Northern News Services
The lathing mill and the radial saw have been humming as logs are processed for demonstration housing and utility shed projects. Since July 5, a crew of five residents has been engaged in safety training and learning how to operate the mills under the guidance of manager/co-ordinator Steve Herrett.
The band is pursuing its goal of making JMR Log Homes Ltd. a viable company. Chief Stanley Sanguez said the community of just over 50 people is going to need $300,000 to $400,000 in start-up funding from the territorial and federal governments and possibly from industry -- the Mackenzie Delta Producers Group has been approached.
"Once we get it going I think it will take off on its own anyways," Sanguez said, adding that a few territorial ministers are "on side."
The project would provide logging and mill operating jobs for eight people, according to Sanguez.
"A lot of our people could rely on that mill because it's a year-round thing," he said.
It would also revive a community tradition of building homes. Decades ago, logs were transported down the Mackenzie River and labourers from Jean Marie River would erect homes in communities as far away as Inuvik, said Sanguez.
"That's our practice and we want to carry it on," he said, adding that with proper marketing, there will be sufficient demand to revitalize the business.
Fort Liard, in need of housing, has already expressed interest in close to 40 log homes, Sanguez noted.
Housing Corporation officials were scheduled to visit Jean Marie River on Tuesday afternoon. Without their approval, which Sanguez is confident he will get, the project will face a rocky future.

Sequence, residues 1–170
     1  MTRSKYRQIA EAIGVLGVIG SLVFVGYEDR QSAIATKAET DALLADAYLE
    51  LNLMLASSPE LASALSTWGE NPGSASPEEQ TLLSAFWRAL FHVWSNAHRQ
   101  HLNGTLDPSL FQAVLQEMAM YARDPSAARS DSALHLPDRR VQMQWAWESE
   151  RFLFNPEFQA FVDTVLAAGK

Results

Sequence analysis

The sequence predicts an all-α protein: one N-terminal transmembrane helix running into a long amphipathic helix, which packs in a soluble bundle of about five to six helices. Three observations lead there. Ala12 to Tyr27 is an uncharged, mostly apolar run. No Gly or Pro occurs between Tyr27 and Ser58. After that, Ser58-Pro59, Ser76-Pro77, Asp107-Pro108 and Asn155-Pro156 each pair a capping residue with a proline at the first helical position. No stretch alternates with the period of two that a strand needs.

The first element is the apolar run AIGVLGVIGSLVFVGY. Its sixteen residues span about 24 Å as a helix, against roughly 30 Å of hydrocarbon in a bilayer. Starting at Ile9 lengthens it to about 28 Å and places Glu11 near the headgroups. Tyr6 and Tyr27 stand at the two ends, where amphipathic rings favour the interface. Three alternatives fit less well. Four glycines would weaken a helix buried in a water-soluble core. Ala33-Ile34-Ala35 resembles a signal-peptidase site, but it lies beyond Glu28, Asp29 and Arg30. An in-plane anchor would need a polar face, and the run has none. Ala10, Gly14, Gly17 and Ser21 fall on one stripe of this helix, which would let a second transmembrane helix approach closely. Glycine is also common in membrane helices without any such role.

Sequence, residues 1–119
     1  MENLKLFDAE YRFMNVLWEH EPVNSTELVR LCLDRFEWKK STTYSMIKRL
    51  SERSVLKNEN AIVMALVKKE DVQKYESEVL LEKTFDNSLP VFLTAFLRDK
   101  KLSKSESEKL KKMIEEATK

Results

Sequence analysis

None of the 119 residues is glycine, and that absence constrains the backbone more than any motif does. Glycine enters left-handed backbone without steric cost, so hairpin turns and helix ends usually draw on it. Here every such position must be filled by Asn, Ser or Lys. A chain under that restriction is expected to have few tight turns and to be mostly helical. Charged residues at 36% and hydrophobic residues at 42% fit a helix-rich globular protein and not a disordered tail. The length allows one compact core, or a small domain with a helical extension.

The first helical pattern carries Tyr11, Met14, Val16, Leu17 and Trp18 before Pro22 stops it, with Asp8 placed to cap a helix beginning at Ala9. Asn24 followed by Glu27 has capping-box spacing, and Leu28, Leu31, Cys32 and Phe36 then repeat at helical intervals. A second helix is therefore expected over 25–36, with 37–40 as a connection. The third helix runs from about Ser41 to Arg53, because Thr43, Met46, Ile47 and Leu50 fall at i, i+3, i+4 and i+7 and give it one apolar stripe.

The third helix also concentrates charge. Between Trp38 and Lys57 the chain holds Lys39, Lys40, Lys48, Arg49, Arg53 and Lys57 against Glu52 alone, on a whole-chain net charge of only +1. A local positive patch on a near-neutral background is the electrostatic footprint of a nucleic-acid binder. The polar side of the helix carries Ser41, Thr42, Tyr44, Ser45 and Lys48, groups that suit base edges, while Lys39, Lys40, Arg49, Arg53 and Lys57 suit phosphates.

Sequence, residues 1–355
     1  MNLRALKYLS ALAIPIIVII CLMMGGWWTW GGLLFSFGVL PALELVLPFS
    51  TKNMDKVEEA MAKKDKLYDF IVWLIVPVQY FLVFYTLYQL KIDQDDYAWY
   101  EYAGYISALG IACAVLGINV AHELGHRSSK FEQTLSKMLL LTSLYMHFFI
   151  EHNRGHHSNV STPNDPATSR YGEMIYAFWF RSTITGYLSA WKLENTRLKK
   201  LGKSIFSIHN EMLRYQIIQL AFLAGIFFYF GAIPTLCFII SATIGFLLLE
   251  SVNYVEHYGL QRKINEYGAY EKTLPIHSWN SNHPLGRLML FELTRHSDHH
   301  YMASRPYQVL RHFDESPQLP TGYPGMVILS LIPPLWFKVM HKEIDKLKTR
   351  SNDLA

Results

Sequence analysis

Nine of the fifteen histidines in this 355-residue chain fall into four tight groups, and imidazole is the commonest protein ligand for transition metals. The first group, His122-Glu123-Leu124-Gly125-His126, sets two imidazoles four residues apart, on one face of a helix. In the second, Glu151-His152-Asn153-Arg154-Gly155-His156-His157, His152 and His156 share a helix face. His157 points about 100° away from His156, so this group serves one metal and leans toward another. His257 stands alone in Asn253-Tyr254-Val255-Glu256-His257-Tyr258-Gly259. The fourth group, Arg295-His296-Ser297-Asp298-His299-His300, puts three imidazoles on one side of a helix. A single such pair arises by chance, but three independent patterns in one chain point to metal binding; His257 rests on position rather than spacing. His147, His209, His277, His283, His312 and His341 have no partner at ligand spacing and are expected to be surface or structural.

The community's lathing mill was purchased from Fort St. John, B.C. a few years ago for $90,000, according to band manager Fred Norwegian. The portable sawmill has been in Jean Marie River for many years. A third mill may also be purchased if funding is secured, Sanguez said.
The log homes would be sold based on square footage, Sanguez said.
Herrett noted that the packages would be priced more reasonably than houses imported from outside the NWT.
Although both milled log homes and hand-scribed log homes would be available, those processed by mill are less labour intensive and therefore cheaper, according to Herrett.
Most harvested logs, which must be 10 inches in diameter by Housing Authority standards and aspen (poplar), but spruce will also be cut. Smaller logs can be used to create log cabins or utility sheds. Other value-added aspen products being considered by the band include flooring, log railings, fences, furniture and playground equipment.
The housing packages, to be erected on site for quality control and then disassembled again, can be transported by truck or even by snowmobile and a sled a couple of pieces at a time, Herrett said. It's still unknown whether windows, doors or roof trusses will be included as part of the deal.